It's tempting to award the best episode of Season 6 to Zach and Lane's wedding episode, but nothing can win out over the sequence that takes place at the Gilmore house in Episode 13. This is when the four family members put everything on the table and have it out with one another. They alternate between screaming matches, switching partners in shouting or silence and periods of giddy laughter. Although it's never stated explicitly, it's likely that this is the first time the four of them have gotten drunk together, and the quick excerpts from each interaction range from pricelessly funny to sadly poignant. They can all cheer Emily on as she drunkenly acts out her take-down of Sheera Huntzburger, but in the end, there is still genuine hurt behind lines like "We were sixteen! We didn't want to get married!" The first half of the episode isn't nearly as memorable, but the second half is good enough to make it excellent.

7. Season 7: 'Gilmore Girls Only'

Going back to try to find the best episode of Season 7, I was surprised to find just how few good episodes there were from the final season. Not only that, but there wasn't a single episode that didn't have at least one plot or subplot that was annoying, extraneous or poorly-executed. Keeping this in mind, the best episode of Season 7 has to be one that returns to the roots of the show: the relationship between three generations of Gilmore women. "Gilmore Girls Only" sees Lorelai, Rory, and Emily take a road trip to see Mia (played in this season by a much younger actress) getting married. The wedding itself is unimpressive, but some of the simpler scenes are fun to watch, and the subplot where Lane and Zach ask Luke to be the godfather gives their relationship a little more depth.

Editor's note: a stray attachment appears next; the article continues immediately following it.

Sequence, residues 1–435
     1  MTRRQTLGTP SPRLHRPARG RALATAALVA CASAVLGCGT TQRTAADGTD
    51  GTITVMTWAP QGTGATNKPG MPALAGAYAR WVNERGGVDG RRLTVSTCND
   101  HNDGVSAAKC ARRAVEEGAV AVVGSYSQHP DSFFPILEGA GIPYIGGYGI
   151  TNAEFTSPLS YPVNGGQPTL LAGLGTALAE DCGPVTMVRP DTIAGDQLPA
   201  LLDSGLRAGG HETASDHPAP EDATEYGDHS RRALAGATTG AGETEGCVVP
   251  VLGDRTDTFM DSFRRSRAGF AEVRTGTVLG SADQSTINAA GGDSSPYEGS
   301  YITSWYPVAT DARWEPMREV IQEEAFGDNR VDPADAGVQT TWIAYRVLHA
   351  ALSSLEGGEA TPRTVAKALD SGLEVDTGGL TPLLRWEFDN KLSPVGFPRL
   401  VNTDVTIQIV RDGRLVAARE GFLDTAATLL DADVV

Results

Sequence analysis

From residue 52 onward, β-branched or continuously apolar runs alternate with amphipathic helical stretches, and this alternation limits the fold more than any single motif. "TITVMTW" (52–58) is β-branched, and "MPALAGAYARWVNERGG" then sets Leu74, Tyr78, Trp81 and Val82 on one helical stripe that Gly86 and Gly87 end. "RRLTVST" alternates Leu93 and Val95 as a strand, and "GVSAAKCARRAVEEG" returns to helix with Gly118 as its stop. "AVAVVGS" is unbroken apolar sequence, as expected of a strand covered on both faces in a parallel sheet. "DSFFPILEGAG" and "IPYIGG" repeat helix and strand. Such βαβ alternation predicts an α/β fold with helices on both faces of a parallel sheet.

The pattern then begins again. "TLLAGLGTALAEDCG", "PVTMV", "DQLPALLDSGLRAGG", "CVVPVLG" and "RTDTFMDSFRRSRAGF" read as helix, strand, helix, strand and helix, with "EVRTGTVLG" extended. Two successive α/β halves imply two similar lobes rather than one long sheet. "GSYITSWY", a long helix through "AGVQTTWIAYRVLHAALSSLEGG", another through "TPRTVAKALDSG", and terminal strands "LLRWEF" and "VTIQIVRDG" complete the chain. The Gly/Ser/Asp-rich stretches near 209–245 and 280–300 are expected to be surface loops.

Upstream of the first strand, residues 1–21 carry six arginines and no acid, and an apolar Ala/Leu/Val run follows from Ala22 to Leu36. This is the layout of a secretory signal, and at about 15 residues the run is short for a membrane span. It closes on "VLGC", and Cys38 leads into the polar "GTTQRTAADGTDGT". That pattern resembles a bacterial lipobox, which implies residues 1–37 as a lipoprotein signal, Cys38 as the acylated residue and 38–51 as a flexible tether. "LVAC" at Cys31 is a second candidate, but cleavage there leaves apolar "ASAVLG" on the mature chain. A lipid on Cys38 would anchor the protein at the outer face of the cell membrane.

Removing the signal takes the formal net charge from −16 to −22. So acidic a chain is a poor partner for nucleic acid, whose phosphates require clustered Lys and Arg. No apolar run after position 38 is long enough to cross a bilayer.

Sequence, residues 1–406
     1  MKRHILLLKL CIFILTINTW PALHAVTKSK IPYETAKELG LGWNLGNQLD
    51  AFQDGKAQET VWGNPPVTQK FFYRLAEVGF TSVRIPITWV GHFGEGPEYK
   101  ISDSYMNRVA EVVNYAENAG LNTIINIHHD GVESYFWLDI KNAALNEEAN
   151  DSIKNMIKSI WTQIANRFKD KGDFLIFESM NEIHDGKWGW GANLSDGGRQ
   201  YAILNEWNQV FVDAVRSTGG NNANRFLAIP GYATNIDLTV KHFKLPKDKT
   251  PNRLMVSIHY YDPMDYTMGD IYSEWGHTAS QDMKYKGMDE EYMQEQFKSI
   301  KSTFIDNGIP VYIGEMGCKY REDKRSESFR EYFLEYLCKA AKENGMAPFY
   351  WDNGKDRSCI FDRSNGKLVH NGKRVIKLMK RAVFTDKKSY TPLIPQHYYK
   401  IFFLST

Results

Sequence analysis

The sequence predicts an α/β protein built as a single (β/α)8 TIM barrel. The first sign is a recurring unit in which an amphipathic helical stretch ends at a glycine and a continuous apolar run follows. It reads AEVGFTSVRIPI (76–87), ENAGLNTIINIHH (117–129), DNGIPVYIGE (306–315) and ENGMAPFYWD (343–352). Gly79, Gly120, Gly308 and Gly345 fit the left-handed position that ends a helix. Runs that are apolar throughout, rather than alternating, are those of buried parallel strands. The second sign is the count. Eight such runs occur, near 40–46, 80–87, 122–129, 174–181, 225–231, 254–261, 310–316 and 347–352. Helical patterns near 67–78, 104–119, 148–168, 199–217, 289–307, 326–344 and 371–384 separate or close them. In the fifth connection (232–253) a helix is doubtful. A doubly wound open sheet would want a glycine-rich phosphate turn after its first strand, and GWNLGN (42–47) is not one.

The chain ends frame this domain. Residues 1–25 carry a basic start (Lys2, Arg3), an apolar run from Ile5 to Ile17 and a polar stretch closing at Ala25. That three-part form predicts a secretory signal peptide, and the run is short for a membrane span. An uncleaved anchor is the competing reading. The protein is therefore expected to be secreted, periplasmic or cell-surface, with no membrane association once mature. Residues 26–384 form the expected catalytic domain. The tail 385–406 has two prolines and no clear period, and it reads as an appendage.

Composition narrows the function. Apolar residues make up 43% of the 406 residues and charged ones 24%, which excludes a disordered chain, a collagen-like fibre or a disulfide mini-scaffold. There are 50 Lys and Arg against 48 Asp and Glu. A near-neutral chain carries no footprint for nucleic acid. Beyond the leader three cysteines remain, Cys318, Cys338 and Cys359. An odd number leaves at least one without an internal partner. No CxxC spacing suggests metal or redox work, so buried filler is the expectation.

What really stands out in memory is the final scene in the hotel room, the short discussion about Emily's crush on Will Smith, the shy smile on Lorelai's face when she says, "You can stay." The show is retreading ground, as the relationship between Emily and Lorelai has been healed and broken a thousand times over, but in a season almost bereft of character development, it's at least heart-warming ground they're treading.

What are your favorite episodes of Gilmore Girls? Let me know in the comments!